The answer you should take from me is that I don’t really know yet. At least, I don’t know just how well it is working because
lvmcache is quite difficult to benchmark. The truth is that I’m not all that interested in benchmarks. I want to know how my experience of using my computer feels with a big, slow disk behind a fast NVMe cache.
What problem am I trying to solve?
Games load faster from an SSD. Scrubbing around in Davinci Resolve when there are many 4K videos on the timeline is smoother when reading from an SSD. I wish everything could fit on an SSD.
One of the two SSDs in my desktop started failing last month. I only had 1 TB of solid-state storage space, and it was getting really tight. I store most all my video on my NAS, and my NAS has a 100-GB
lvmcache. It works great, and editing video over Infiniband with an
lvmcache is very much like editing video on a local SSD.
I am about 200 GB away from saving another $100 per year by hosting my own little Seafile server instead of using Google Drive! The next Butter, What?! Show recording session might push me over in 2 weeks. Do you think I'll hit it before then?! https://t.co/nu5aK2GeNf pic.twitter.com/f6Kla5rg8r— Pat Regan (@patsheadcom) April 17, 2022
Steam games are getting huge, and I am working toward eliminating the RAID in my NAS. I have a 14 TB hard drive off-site with a copy of all my data. The plan is to eventually stick a 14 TB drive in both my NAS and my desktop PC. I don’t feel the need to do this before the aging drives in my NAS fail, but the idea is on my mind.
How can I store several terabytes of data on my computer without buying a ridiculously expensive NVMe drive while still making sure everything feels like it is stored on an NVMe? I don’t want to feel that 200 IOPS of cheap spinning metal. I want to feel the 100,000 IOPS of a nice NVMe!
This experiment is my life now!
I bought a 1 TB Samsung 980 NVMe. I installed Ubuntu 22.04, left about 300 GB available for
lvmcache, then stuck and old 4 TB 7200 RPM hard drive in my machine. This seemed like a good test to verify that
lvmcache would be viable on my desktop.
Here’s where I’m at. My Ubuntu install and the data in my home directory are eating up only about 113 GB on the 1 TB Samsung NVMe. So far, I have installed 700 GB of Steam games on the 4 TB drive. I have also copied this year’s video files from my NAS to the 4 TB drive. That’s around 800 GB of video files.
Everything is encrypted, which does limit my throughput on the NVMe quite a bit, but I am still seeing 1.2 to 1.5 gigabytes per second. This is a topic for its own post.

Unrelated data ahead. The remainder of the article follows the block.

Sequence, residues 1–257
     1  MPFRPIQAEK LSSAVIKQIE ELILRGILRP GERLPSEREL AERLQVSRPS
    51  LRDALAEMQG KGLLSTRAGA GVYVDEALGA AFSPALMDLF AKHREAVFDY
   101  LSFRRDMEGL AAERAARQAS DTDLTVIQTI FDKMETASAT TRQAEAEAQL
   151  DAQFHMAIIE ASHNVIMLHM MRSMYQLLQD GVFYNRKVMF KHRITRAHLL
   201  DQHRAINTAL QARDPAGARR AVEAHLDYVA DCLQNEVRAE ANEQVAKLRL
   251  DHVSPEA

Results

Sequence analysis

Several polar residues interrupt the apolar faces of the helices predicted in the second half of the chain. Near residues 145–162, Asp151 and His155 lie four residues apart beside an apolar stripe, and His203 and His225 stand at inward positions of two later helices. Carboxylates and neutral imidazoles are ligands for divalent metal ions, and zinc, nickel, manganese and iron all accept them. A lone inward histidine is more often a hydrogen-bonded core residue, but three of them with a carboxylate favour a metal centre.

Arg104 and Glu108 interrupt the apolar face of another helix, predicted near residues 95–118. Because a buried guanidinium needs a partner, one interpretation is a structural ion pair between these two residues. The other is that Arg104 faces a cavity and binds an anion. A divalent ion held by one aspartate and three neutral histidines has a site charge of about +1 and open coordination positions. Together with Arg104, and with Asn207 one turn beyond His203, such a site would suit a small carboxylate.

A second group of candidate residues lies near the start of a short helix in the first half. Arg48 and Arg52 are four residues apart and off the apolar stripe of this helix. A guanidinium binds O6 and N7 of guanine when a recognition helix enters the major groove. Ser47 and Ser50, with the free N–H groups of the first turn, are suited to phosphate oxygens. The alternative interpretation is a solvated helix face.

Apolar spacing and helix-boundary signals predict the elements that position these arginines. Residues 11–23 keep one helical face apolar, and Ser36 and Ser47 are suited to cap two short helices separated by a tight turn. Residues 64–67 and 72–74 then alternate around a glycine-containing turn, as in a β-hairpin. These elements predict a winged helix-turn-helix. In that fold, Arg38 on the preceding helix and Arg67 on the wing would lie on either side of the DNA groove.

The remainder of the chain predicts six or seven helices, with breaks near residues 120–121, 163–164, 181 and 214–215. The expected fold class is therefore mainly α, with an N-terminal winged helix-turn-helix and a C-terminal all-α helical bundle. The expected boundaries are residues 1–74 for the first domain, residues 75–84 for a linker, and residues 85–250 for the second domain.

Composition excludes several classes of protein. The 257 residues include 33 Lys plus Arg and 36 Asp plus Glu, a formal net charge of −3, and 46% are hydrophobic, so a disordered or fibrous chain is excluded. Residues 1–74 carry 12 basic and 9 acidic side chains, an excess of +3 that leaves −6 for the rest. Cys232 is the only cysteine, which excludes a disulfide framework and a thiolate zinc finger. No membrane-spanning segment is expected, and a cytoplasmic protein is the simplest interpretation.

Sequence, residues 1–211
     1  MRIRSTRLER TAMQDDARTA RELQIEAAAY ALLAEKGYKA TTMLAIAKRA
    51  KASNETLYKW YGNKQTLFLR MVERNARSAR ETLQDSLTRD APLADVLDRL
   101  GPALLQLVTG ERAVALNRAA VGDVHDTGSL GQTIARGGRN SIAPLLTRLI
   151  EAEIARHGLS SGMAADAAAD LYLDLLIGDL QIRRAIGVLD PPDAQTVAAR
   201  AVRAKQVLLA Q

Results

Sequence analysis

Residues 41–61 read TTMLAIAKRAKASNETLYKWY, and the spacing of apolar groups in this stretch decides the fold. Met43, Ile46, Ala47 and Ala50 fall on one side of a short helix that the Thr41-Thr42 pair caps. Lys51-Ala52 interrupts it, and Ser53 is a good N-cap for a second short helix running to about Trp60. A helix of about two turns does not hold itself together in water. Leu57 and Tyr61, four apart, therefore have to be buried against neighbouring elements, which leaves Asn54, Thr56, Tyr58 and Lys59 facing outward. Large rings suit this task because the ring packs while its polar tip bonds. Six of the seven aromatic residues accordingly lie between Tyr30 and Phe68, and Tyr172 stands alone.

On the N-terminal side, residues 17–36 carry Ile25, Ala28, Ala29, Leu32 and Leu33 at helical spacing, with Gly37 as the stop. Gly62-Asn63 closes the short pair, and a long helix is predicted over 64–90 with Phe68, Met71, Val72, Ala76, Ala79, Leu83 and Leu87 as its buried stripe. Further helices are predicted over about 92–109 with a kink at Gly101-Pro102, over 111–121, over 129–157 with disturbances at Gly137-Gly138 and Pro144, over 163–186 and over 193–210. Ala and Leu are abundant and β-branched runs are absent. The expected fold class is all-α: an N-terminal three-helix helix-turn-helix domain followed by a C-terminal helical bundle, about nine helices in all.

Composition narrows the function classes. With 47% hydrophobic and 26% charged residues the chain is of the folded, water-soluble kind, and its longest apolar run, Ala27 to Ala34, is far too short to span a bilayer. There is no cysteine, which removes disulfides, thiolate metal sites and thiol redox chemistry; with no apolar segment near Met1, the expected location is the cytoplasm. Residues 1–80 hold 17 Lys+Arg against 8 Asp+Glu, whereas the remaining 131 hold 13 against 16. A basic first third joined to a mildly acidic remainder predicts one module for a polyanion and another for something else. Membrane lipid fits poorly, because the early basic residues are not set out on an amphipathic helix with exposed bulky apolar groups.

What am I hoping to see?
lvmcache is a hotspot cache. It doesn’t just blindly cache every single read or write operation that happens on the slow disk. Things should only stick in cache if they are used regularly. The trouble is that I have absolutely no idea how
lvmcache makes these decisions.
I could micromanage things. I could install one or two 100 GB Steam games on my NVMe, and when I am no longer playing those games, I could move them to the slow storage. I could copy the video files that I’m currently working on to the NVMe, then push them to slow storage when I am done.
I really don’t want to have to spend this much time managing where files live.
My hope is that if I play a game regularly, it will be promoted to the NVMe cache. My other hope is that as I am scrubbing around in the files for this month’s episodes of The Butter, What?! Show, that they will wind up being cached.
The best part is that I don’t need entire games or all of my video files to be cached. There’s a good chance that the early parts of a 150 GB game will start exiting the cache while the later parts of the game enter the cache as I slowly make progress. My video files from January will fade from cache, while this week’s recordings will be accessed quite often.
The cache sure seems to be doing its job!
I noticed the cache doing its job while I was testing to make sure my Nvidia drivers and fsync-enabled kernel were working well together. I kept loading “Sniper: Ghost Warrior Contracts.” The game plays a cut scene every time a level loads, and it lets you skip the rest of the scene when it is finished.
Each time I loaded the game, the message letting me know I could skip the cut scene was happening sooner. I fired up
dstat, and I could see the game regularly reading at 70 megabytes per second from the slow drive and 150 megabytes per second from the cache drive!
As far as I was aware, it was letting me skip the cut scene for this level at precisely the same point as it would let me skip on my old Crucial M500 SSD. Could we go any faster?
I copied the game directly to my NVMe and fired it up again. The results were the same.
When a game loads, it isn’t just reading data from disk and plopping it into memory. It is doing work with that data. For this particular game, my CPU and GPU are definitely the bottleneck on load times.
This is definitely a good start.
Watching Davinci Resolve was fascinating!
I still have no idea how
lvmcache decides what to keep and what to evict from cache. I do know that it tried to bypass the cache on long sequential writes, and that seemed to be confirmed when I plopped 120 GB of video footage from our last Butter, What?! Show live stream into place. If I were smarter, I would have watched
dstat during the copy so I could better confirm this.
I was running
dstat the next day when I started editing the footage in Davinci Resolve, and the results were really cool!
I think this is fun an interesting. While Resolve is scanning 50 GB of video to align 8 video files in a multicam bin based on audio, I can see that I'm reading from the backing disk (sdb) while it is committing that data to the lvmcache (nvme0n1). Isn't that cool?! #Linux pic.twitter.com/c3U0KThZgt— Pat Regan (@patsheadcom) April 11, 2022